Very often children lash out because they feel excluded, feeling out of connection.   Though it is counter intuitive, it is often a desire to connect that drives divisive behavior.  When children hurt each other, physically or emotionally, we ask them to check to see that everyone is okay, to see if there is something to do to help the wounded child, and then we help them come (back) into connection with each other.  In a conflict, we also teach children how to tell someone to "stop" when they are uncomfortable with what is going on.

We decided we will follow the same strategy with name-calling.  There is also an opportunity for playfulness around language and rhyming if the situation is light enough.  As parents, you can help too by arranging play-dates with a variety of children because the more they get to know each other, the more they find in common.

But this is a bigger problem; not only with the children, but also with us.

In our discussion about this we noticed our own attitude; we considered this a "childish" problem, as if we were above their behavior.  But our attitude that this is a childish problem created an instant divide between us and them.

But wait, do grown-ups call names?  At first we laughed at the thought of calling each other "poopy pants", but we actually do; just silently, in our heads, all the time.  Our name-calling has just become internalized.  Even the more benign labels have an edge, - feminist, conservative, teenager, - they diminish the other and separate us.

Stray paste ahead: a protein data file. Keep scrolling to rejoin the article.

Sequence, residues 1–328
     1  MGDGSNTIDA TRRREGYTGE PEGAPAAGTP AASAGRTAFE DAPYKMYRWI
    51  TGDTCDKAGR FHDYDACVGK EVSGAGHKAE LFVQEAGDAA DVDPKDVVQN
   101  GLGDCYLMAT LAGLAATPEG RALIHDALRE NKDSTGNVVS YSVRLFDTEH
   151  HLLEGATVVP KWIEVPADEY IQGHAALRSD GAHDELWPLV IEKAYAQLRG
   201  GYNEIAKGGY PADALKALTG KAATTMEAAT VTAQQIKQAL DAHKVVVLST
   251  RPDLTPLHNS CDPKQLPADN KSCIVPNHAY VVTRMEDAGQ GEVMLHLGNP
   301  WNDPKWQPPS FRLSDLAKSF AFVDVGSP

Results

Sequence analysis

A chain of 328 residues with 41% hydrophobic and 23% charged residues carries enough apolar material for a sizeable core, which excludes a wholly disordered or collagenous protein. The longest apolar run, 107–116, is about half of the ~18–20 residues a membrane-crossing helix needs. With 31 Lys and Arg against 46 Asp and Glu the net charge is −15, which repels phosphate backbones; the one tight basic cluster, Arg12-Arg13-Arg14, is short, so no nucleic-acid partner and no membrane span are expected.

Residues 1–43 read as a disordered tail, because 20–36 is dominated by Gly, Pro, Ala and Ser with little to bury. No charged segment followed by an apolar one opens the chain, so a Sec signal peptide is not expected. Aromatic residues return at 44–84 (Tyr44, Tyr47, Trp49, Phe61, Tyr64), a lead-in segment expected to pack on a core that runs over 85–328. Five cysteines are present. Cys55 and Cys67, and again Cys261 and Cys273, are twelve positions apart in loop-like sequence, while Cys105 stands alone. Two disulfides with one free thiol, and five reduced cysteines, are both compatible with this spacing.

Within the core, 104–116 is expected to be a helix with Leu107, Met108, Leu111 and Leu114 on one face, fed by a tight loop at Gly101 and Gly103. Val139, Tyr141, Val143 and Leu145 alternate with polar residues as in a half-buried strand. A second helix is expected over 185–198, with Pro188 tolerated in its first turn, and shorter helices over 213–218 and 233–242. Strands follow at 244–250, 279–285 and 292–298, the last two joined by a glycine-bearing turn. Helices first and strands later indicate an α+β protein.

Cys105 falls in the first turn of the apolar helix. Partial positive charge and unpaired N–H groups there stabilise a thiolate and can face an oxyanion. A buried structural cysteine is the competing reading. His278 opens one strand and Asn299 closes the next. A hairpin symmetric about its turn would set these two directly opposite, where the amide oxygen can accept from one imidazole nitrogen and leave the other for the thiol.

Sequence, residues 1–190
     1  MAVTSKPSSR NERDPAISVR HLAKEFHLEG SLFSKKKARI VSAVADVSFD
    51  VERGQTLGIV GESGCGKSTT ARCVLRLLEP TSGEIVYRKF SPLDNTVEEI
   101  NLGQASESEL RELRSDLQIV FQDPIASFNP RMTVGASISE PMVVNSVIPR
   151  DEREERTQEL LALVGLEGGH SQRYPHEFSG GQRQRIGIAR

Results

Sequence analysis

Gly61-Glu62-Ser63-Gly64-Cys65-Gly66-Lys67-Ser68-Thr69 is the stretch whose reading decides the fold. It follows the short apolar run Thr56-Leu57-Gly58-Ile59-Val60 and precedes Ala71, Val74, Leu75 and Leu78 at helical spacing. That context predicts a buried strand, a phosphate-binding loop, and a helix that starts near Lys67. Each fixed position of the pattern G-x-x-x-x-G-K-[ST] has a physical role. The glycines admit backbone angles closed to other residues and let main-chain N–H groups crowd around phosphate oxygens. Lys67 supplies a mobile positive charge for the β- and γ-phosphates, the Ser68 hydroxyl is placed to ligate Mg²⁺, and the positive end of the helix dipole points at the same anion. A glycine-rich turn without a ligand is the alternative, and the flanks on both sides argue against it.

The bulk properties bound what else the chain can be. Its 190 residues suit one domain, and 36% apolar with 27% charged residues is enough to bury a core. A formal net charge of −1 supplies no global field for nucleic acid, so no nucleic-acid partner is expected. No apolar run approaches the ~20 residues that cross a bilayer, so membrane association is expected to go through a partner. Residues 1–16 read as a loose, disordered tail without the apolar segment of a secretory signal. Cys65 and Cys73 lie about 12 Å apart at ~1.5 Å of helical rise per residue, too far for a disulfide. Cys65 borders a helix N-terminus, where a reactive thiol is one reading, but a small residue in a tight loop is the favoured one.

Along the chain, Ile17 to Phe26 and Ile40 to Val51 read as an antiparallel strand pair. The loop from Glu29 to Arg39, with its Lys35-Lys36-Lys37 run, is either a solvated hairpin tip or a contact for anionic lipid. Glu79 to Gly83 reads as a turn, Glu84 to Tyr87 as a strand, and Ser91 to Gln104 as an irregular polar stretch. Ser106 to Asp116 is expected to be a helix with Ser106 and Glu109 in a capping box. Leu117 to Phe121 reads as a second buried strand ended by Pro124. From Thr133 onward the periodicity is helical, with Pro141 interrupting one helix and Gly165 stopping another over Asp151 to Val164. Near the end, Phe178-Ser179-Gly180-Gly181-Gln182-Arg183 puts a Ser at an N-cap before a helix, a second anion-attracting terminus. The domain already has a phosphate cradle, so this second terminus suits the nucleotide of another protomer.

And quieter than the labels are the silent voices, the thought voices.  Can you hear them?  As we drive our cars, as we wait in lines, as we watch the news, our inner voices constantly judge other people's choices, their actions, their affiliations, the way they look, what they wear.  We strengthen our own sense of right, our sense of self, by making "others" from brothers.  It is as if we can only know and appreciate ourselves by knowing that we are NOT THEM.  Any little difference will do.   And even more amazing is that in all these things we constantly judge ourselves as well.

Kelly asked, "What happens when we start to believe the names we call"?
And we do believe them, we cling to them.

And then she said, "When we exclude others we exclude ourselves."
Which prompted an image for me - we set out to build fences to keep the others out, one section at a time - but a fence that goes all the way around is no more than a cage.  We become trapped in small thoughts.

Kelly added, "So we have to be mindful of what we say, AND what we think.  Because everyone matters, and we belong to each other."

How can we raise our children so that they don't just remake name-calling into it's internalized equivalent, lowering their voices but still raising fences?  How can we reach deeper to relieve them from the judgment and separation?  If we can do that, well, that will be something.